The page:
We have been advising employers for over 25 years.
Employment Contracts are Important
Usually, my first question for a new client is “Do you require all new hires to sign an employment contract?”
For more information on the benefits of using an employment agreement, click here.
As a result of these benefits, most employers have now introduced employment contracts which contain a termination clause.
Employers should know however that the cost of employee terminations is not always limited to the amount of money the employee is entitled to receive under the termination clause.
Employment Contracts Are Not Always Enough
As a result, I ask my employer clients to call me before terminating any employee.
Here are five questions I ask my clients:
- Did the employee sign an employment contract before starting work? If not, the termination clause in the employment contract is likely not enforceable and the termination will likely be more expensive. In this scenario, the employer may decide not to proceed with the termination.
- Is the employee pregnant or returning from pregnancy/parental leave? If so, the termination could lead to problems under the Employment Standards Act and/or the Human Rights Code. For more information on the rights of pregnant employees, click here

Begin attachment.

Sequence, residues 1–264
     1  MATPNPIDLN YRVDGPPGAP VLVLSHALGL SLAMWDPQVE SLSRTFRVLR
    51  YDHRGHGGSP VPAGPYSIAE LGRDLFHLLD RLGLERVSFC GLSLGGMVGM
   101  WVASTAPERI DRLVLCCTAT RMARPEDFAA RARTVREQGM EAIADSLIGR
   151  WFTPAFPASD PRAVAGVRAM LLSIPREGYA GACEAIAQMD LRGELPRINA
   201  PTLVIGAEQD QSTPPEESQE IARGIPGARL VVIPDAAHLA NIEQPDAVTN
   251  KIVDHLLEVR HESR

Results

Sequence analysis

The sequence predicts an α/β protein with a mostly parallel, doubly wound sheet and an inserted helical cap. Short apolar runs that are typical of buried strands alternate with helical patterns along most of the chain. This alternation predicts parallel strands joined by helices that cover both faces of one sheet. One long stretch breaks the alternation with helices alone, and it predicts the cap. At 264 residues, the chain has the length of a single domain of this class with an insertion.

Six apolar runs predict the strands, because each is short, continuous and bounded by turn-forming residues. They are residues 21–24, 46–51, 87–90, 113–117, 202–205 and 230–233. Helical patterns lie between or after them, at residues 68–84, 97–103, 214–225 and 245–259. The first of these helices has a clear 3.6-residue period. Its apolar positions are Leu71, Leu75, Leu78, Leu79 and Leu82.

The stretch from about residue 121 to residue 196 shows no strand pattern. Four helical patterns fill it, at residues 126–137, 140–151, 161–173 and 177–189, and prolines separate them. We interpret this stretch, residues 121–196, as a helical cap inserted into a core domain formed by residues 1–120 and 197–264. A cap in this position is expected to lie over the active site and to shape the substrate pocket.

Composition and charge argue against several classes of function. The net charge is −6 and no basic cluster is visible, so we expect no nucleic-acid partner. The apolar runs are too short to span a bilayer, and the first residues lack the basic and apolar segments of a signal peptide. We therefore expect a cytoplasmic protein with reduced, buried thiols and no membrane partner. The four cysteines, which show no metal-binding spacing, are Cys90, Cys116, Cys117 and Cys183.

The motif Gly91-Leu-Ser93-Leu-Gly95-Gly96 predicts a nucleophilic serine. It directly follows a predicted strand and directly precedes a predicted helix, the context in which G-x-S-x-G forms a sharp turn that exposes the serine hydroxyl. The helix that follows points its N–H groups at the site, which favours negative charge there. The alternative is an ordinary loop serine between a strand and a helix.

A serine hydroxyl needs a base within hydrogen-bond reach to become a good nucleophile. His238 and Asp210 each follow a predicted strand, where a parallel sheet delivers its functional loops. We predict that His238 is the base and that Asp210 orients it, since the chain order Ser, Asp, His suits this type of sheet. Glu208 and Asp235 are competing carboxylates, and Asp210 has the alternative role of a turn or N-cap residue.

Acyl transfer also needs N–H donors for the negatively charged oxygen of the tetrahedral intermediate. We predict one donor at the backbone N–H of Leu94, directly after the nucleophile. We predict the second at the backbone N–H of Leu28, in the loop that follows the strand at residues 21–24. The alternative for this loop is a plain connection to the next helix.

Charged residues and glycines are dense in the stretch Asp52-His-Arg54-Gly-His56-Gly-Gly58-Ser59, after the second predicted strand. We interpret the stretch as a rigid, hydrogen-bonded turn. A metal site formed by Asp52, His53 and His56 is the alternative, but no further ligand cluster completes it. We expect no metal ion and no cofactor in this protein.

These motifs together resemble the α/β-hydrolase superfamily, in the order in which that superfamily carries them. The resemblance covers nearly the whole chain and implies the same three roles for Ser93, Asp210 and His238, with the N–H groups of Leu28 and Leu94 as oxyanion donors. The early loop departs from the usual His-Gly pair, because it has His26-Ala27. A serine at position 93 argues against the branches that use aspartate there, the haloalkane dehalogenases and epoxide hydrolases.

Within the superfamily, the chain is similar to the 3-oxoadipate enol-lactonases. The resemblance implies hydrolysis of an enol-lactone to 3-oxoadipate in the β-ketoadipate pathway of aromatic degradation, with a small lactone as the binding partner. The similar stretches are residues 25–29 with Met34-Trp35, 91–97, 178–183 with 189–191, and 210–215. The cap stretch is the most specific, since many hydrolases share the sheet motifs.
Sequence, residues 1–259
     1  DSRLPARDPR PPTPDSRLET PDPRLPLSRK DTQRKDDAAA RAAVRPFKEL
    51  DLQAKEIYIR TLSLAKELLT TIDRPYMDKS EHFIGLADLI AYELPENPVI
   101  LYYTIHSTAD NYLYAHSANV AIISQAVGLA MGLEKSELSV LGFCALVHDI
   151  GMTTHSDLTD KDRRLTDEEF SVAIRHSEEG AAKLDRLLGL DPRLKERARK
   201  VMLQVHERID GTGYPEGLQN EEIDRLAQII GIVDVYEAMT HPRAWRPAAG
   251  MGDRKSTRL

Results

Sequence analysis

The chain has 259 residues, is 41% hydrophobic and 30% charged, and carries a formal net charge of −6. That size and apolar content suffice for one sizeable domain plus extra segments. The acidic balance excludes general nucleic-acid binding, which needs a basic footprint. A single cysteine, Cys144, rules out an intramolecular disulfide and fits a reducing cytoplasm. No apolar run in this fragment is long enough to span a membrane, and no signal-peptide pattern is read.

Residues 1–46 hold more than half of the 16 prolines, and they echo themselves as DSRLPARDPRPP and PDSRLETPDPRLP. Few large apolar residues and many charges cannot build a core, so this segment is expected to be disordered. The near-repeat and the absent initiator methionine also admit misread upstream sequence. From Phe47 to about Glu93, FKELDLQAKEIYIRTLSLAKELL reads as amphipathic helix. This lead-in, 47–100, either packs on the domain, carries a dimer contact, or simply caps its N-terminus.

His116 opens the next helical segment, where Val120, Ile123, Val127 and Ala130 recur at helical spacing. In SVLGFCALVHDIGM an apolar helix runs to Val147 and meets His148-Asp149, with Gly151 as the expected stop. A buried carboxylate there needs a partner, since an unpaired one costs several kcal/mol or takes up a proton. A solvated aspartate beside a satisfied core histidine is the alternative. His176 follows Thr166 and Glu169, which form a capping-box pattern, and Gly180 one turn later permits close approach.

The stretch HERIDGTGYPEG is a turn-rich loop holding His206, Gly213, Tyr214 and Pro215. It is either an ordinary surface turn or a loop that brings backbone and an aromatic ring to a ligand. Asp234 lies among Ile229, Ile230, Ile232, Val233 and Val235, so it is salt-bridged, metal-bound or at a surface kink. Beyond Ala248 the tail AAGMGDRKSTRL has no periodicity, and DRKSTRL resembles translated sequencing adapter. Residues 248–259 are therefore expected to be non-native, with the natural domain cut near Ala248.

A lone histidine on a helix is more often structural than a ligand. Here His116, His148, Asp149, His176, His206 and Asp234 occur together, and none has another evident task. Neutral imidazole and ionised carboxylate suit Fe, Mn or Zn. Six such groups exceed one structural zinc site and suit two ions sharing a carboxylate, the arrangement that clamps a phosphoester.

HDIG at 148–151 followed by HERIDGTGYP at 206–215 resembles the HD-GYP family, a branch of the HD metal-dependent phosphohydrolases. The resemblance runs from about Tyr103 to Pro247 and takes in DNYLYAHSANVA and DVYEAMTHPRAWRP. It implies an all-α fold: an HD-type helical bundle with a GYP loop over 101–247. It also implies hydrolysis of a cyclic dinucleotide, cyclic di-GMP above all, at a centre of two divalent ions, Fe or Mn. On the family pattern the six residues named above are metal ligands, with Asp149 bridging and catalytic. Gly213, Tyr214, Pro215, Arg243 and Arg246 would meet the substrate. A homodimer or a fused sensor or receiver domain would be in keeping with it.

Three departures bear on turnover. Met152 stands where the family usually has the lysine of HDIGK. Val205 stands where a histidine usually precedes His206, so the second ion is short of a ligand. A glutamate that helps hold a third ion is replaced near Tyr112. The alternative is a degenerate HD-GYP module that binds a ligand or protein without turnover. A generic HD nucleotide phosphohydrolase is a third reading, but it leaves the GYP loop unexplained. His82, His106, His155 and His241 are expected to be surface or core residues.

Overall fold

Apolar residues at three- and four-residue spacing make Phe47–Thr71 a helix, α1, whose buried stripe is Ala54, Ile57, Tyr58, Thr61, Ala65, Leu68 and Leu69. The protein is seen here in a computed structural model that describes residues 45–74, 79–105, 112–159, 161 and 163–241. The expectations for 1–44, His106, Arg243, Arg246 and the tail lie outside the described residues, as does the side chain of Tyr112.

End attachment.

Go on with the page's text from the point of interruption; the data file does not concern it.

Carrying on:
- Is the employee disabled or returning from an injury or a sick leave? If so, the termination can lead to problems under the Workplace Safety & Insurance Act or the Human Rights Code. For more information on the rights of disabled employees, click here
- Has the employee ever claimed that the employer has not complied with the Employment Standards Act, the Occupational Health & Safety Act, and/or the Human Rights Code? For example, has the employee recently complained that her supervisor sexually harassed her? If so, the termination could lead to a violation of the anti-reprisal provisions contained in one of these laws.
- If the employee has not signed a legally enforceable termination clause I will want to know whether the employer is terminating for misconduct. If not, I will want to know the person’s age, position, length of service and how long it will likely take the employee to find alternative employment. Then I am in a position to tell the employer how much the termination could cost. For information on the law of wrongful dismissal, click here
A client recently informed me by email that he intended to terminate an employee during the probationary period. He wanted to confirm the employee was owed no termination pay under the employment contract. I confirmed the answer and asked the above noted questions. It turns out the employee was returning to work from a disability leave just before the probationary period expired. By sending the email and consulting me the client was able to avoid a potential legal minefield.
For the past 25 years, Doug MacLeod of the MacLeod Law Firm has been advising and representing employers in connection with employee terminations. If you have any questions, you can contact him at 416 317-9894 or at firstname.lastname@example.org
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